Compared to previous elections, this time around there has been very little rhetoric around encouraging healthy eating and improving the long-term health outcomes of New Zealanders. Covid-19 has not surprisingly taken the focus away from the chronic epidemics of obesity, type 2 diabetes and cardiovascular disease that we currently face. For Part 3 of our Election 2020 series, FoodTruths wanted to find out what policies, if any, are aimed at encouraging healthy eating and improving the quality of food consumed by New Zealanders.
At the recent Press Leaders Debate, both Jacinda Adern and Judith Collins ruled out implementing a sugar tax in this term. It was a firm no from National and in Damien O’Connor’s response he stated that Labour are “currently not considering it”. The Minister acknowledged that high sugar foods are an issue but are placing the responsibility on the food industry to be “proactive and responsive in this area”.
Gareth Hughes stated that the Green Party would investigate a levy on sugary drinks, which leaves The Opportunities Party as the only party promising a 20% junk food tax as part of their Preventive Healthcare policy. This tax would use the existing Healthy Star Rating framework, so for example products with a one or two Health Star rating would be taxed. Deputy Leader Shai Navot acknowledges that this is just a starting point and there are obvious limitations with this system, one being that fast food outlets would not be taxed under this framework. Funds raised from this tax would be reinvested into primary care and ensuring communities have access to affordable fruit and vegetables.
We spoke to Barbara Kuriger, the National Party representative, who highlighted education as their main focus when questioned on policies around healthy eating, but did not provide any specific planned strategies. National’s Health Policy document acknowledges obesity and its complications as a growing problem in New Zealand with promises to replace their 2015 Childhood Obesity Plan with a new national strategy covering all age groups.
Labour pointed again to the food industry “as a way to reduce obesity rates”. In response to a report on obesity by the Food Industry Taskforce, they will look to engage with industry. Prioritising food marketing, improving formulation and labelling of food and beverages and creating healthier retail environments - which translates to limiting product placement and price promotions of energy-dense, nutrient poor food and beverages in supermarkets.
As we have seen in the past with programmes such as the Healthy Eating Health Action (which was implemented and then scrapped when National came into power), Labour are developing a $47.6 million programme to promote healthy eating and physical activity in schools. If re-elected they will also roll out a free healthy school lunch programme to 200,000 students across the country.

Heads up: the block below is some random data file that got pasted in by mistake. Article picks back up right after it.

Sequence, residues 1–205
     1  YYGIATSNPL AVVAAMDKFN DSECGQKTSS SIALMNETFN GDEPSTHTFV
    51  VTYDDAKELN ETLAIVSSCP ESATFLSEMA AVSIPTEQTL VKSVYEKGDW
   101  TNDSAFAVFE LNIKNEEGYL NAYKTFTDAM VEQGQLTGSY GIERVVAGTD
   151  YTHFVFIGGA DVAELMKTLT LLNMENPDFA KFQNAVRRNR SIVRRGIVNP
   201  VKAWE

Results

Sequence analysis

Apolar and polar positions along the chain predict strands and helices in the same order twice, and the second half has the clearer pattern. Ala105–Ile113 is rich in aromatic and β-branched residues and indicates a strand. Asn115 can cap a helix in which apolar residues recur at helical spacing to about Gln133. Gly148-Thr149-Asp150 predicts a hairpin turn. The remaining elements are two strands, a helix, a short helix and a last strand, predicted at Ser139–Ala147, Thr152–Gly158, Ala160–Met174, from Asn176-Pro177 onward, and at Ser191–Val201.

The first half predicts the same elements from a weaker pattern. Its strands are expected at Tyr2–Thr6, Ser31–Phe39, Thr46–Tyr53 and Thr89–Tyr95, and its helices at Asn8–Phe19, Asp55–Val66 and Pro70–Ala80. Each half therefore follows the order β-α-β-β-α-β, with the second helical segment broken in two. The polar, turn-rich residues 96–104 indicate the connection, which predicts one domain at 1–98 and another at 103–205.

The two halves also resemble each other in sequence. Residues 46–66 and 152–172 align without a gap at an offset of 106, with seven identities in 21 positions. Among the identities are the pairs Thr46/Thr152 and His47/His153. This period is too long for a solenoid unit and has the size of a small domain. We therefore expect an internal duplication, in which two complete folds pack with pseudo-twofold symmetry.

The Green Party plan to tackle food-related chronic health problems by also focusing on schools, firstly to “provide education to enable students to grow their own healthy food”. They want food and drinks sold in schools to be nutritious by introducing standards and guidelines. Although there are current guidelines for schools around the provision of healthy food options, these are not mandatory which is why unhealthy food and drinks are still sold in school tuck shops around the country.
As well as implementing a junk food tax, TOPs Preventive Healthcare policy includes banning all junk food marketing to children and ensuring that local communities have a say on the availability of junk food outlets in their area. Presumably they are referring here to communities wishing to limit fast food outlets rather than adding more!
Labour acknowledges that changes still need to be made to reduce the sugar content of food products and also to educate Kiwis around what is in the products we eat. The current Health Star Rating system, which has recently been reviewed, is voluntary but could be mandatory “if industry does not engage on their own accord”.
Barbara Kuriger isn’t a fan of the Health Star Rating system. She doesn’t believe that current labelling is that clear and feels that we “haven’t nailed it yet as a country”. Her preference is for simplifying nutrition messages, opting for something as simple as showing the sugar content on a food label in the form of a teaspoon. The Greens would implement a mandatory food labelling system and Gareth Hughes points out that his Country of Origin Bill was passed this term, despite the fact that it has been placed on the back burner due to Covid-19.
Our take home?
Prevention has always been the poor cousin in government policy and, even though health is at the forefront of our minds at the moment, the link between healthy eating and policy remains weak. Healthy diets depend upon the ability to access good food (both the means to buy it and it being available) and the knowledge to make healthy choices (food literacy) in the environment in which we live. Addressing obesity, diabetes and improving the health outcomes of New Zealanders are complex and long-term issues that we all should consider when casting our vote on election day.
Coming soon will be Part 4 of our Election 2020 series where we will cover food waste, plastic packaging and alternative proteins.